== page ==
If in doubt, do not accept the cheque.
- Ensure that the cheques are intact and unaltered.
- Verify that the details on the cheque are accurate.
- Never approve a cheque where the amount exceeds that of the purchase.
- Write the invoice number on the back of the cheque.
- Never automatically accept company cheques. Despite their "official"
appearance, they can be counterfeit.
- Be cautious with customers who attempt to negotiate a second cheque after
an earlier authorization.
- Be wary of customers who appear too young to have a bank account and to
be cashing cheques.
Top of the page
You can put a stop to shoplifting by following these few suggestions.
Store layout: Low counters, wide aisles, good lighting and
mirrors will help you to properly see what is happening in your establishment.
Place the cash register at the entrance and greet the customers. Ensure that
the interior of your business is visible from the street.
Memorize your prices: If someone has changed a tag, you will
know right away.
Watch individuals who are eating in the store: (ex.: candies,
drinks). They may leave without paying.
Pay attention to vandals: Certain individuals deliberately
damage packaging or a product to claim a discount.
Protect articles of value: Place them in locked display cases.
Remove only one article at a time. Lock the display case every time you remove
or replace an article.
Control the fitting room: Limit the number of garments being
tried at one time. Ensure that the room is empty when a customer leaves.
Verify the merchandise at the cash register: Ensure that the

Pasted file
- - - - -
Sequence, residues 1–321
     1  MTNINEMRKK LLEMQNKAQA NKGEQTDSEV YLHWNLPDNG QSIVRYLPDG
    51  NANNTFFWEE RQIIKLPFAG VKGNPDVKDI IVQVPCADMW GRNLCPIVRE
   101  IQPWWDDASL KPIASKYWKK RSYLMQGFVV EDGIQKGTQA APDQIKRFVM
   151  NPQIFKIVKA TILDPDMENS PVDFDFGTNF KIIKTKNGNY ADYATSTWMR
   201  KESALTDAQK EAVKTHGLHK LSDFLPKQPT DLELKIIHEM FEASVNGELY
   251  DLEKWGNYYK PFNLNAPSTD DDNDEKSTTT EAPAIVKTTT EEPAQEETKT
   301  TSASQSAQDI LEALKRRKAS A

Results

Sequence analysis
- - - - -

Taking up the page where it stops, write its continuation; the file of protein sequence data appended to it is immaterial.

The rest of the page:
number of articles in the package corresponds with the indicated price.
Do not allow yourself to be distracted: A customer may draw
you to a corner of the store while his accomplice, left unattended, steals your
Complicate life for thieves: Set up displays which are rigged
with empty packaging or with partial articles only. Fasten hangers on which
valuable clothing are displayed to counters or alternate the direction you place
them. Put bargain products and cumbersome products which are difficult to steal
at the rear of the store. Place your most expensive products far from doors
and windows, atop shelving. Affix security labels to your products. Request
that your customers leave their bags at the entrance.
Install a good video surveillance system: Monitors, which
are in plain sight, dissuade thieves. See to it that the cameras record not
only all the comings and goings but also all transactions at the cash register.
Adopt a zero tolerance policy: Never let a theft go unpunished.
Inform on thieves.
Top of the page
The power to put someone under arrest
The criminal code states that you have the power to arrest a person caught red-handed
. Therefore, you have to have seen
- take the merchandise;
- hide it and;
- leave the store with it.
Use force only when necessary and make sure you are safe.
When putting someone under arrest:
- ask for assistance from an employee and make sure you are safe;
- identify yourself;
- explain to the person the grounds for the arrest;
- inform the person of his rights to an attorney;
- call the police;
- do not touch or move stolen goods;
- police officers will collect and take care of the evidence.